[¶14.] At the evidentiary hearing, Baldridge presented three witnesses: himself, Niemann, and Tom Smith, a forensic chemist at the State Health Lab in Pierre. Smith testified that he was not aware of what field tests were conducted on Baldridge's UA by the trooper. However, he stated that the test used at the lab on Baldridge's UA is highly reliable and "there are no false positives." He explained that there are procedures in place for establishing the chain of custody of a sample and that they are generally followed, but could not testify to Baldridge's sample in particular. According to Smith, Baldridge's UA had been destroyed because no one asked for it to be retested after twelve months.
[¶15.] Attorney Niemann detailed his experience in handling criminal cases. He began law practice in 1995, and his first work involved court appointments. He also took many public defender appointments for several years. Then, in 2000, Niemann changed employment, but still took criminal appointments for many counties. Niemann indicated that when the firm accepted a public defender contract for Codington County, he handled the majority of those appointments.
[¶16.] Niemann testified that he explained to Baldridge that the State's Attorney had a policy of bringing additional charges when a case was brought to trial. He also discussed with Baldridge his claim that the UA had been tampered with. According to Niemann, he researched Baldridge's claims and discussed them with a senior partner. They both concluded that Baldridge's claims would not support a motion to suppress. He informed Baldridge of this and told him that because the State's Attorney would be inclined to bring more charges if the matter went to trial, Baldridge should consider a plea agreement.
[¶17.] Niemann testified that when he went over the plea agreement with Baldridge, he specifically informed Baldridge that he faced a possible maximum sentence of ten years and that whatever sentence he would receive was at the sole discretion of the judge. Baldridge signed a form indicating he understood this. After Baldridge was sentenced, Niemann said that he never received a call and that Baldridge never wrote or called after Niemann sent the May 24 letter indicating his representation was complete. He also testified that he was not aware of the letter from Attorney Shank, even though it turned out to be in Baldridge's file at Niemann's office.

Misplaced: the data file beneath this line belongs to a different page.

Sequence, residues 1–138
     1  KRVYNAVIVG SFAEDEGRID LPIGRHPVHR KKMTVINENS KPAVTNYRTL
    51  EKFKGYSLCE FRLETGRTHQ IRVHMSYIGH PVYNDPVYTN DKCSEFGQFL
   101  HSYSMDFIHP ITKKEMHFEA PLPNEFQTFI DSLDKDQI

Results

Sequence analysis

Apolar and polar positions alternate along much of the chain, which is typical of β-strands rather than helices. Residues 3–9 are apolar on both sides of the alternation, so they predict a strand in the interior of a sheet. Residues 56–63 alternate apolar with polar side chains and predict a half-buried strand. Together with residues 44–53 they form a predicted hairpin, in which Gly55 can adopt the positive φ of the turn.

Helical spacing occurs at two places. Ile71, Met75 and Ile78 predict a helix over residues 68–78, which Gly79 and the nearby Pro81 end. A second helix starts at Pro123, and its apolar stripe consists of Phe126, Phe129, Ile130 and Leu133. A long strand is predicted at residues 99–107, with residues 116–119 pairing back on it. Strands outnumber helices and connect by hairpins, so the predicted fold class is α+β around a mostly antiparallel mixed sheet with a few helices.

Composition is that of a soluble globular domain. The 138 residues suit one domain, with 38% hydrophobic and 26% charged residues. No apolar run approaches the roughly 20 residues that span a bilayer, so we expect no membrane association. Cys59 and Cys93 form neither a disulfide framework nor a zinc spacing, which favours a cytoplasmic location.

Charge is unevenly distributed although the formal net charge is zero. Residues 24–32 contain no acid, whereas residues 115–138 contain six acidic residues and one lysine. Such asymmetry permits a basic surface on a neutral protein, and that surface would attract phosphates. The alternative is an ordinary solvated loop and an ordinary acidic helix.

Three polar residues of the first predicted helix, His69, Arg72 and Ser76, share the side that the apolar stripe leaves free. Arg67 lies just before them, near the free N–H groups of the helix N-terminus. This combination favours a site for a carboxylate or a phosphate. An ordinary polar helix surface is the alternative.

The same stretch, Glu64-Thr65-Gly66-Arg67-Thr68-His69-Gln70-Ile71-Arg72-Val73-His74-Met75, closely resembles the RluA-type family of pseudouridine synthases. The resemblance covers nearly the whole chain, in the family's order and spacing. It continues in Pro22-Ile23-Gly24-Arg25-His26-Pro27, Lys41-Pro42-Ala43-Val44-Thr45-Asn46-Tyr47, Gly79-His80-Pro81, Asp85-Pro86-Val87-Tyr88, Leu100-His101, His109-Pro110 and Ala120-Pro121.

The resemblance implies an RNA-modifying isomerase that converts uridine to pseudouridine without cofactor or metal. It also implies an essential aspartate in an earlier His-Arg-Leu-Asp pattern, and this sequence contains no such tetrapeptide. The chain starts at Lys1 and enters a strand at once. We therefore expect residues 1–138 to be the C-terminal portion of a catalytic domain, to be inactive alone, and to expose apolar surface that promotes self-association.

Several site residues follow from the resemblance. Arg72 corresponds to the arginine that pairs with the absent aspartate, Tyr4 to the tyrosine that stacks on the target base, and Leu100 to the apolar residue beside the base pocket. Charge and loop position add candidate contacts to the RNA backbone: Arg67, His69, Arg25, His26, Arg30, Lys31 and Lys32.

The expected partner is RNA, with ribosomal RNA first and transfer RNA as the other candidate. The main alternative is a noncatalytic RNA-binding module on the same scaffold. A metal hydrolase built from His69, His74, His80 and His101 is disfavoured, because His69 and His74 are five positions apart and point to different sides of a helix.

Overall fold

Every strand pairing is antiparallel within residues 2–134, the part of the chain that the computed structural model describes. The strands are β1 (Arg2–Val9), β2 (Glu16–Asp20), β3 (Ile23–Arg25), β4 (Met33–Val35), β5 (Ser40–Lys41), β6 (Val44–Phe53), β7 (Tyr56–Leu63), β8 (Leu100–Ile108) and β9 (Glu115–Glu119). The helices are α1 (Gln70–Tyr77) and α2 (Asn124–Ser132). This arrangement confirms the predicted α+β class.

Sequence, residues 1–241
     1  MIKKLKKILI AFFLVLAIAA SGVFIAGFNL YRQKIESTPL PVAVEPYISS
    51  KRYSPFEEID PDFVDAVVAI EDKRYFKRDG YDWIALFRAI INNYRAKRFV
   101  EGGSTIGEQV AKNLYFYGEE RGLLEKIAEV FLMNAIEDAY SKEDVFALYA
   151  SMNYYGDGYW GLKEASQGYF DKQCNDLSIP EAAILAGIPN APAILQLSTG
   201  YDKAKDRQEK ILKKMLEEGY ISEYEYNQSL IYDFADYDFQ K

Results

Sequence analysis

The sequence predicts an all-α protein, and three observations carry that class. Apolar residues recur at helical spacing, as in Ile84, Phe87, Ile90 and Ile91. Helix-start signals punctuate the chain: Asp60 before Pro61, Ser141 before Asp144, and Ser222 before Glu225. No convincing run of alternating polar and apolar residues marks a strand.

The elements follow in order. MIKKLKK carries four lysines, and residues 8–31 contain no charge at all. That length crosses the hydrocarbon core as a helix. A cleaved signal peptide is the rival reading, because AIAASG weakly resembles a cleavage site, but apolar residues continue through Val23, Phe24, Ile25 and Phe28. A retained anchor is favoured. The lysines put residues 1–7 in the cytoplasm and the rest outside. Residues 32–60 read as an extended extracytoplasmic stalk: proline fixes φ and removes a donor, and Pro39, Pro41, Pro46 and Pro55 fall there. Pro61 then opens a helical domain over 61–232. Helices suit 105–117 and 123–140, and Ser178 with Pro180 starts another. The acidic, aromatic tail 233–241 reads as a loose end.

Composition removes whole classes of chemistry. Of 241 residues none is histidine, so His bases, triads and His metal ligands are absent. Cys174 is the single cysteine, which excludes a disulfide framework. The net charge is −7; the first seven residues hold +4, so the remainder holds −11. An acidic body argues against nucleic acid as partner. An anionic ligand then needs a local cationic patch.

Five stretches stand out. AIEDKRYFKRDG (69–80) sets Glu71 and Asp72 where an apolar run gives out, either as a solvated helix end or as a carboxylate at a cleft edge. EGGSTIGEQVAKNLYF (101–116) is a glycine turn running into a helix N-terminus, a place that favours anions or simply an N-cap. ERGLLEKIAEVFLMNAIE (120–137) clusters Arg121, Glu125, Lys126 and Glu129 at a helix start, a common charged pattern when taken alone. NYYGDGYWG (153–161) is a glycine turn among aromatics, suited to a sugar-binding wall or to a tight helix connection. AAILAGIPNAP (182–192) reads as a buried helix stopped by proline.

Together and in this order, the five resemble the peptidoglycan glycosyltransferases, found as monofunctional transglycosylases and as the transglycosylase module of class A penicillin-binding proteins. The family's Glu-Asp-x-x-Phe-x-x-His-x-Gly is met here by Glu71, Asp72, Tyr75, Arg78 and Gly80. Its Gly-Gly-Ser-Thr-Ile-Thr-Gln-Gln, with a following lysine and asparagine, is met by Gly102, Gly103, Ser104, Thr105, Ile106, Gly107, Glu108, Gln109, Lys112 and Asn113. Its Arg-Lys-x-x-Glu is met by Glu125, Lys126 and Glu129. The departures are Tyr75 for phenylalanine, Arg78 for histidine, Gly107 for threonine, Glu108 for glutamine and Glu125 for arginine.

[¶18.] In his testimony, Baldridge claimed that his UA had been tampered with because he had not used methamphetamine since 1999. He said that he told Niemann that the trooper altered his sample because it tested negative before it tested positive. Baldridge also said that he insisted on a jury trial because he was innocent, but Niemann told him that he would not get as harsh a sentence if he pleaded no contest. According to Baldridge, Niemann told him he would be sentenced to six months to a year. Baldridge said he was unaware that the sentence was up to the judge and he thought the State would recommend a lighter sentence.
[¶19.] The habeas court found no violation of Baldridge's due process rights and no ineffective assistance of counsel. It explained that Niemann's decision not to file the motion to suppress was made after investigation and in consideration of the merits of the claim. Moreover, although Baldridge's parole violation attorney wrote to Niemann about Baldridge's desire for a direct appeal, Niemann wrote Baldridge and informed him that his representation was complete. Niemann explained to Baldridge his right to appeal and the time he had to do so, and Baldridge did nothing.
[¶20.] The court also found that the State did not fail to fulfill the terms of the plea agreement. According to the court, "The problem is, Baldridge claimed to know nothing of any help, so there was nothing for Niemann to inform the judge of. The claim is thus without merit." Finally, the court found Baldridge's sentence to be constitutional: the maximum sentence was imposed in large part because of Baldridge's extensive criminal history. A ten-year sentence fit within the legislative scheme and was not grossly disproportionate. Accordingly, the court denied Baldridge's petition for habeas relief. Baldridge appeals.
Standard of Review
[¶21.] We apply the following standards of review in this case: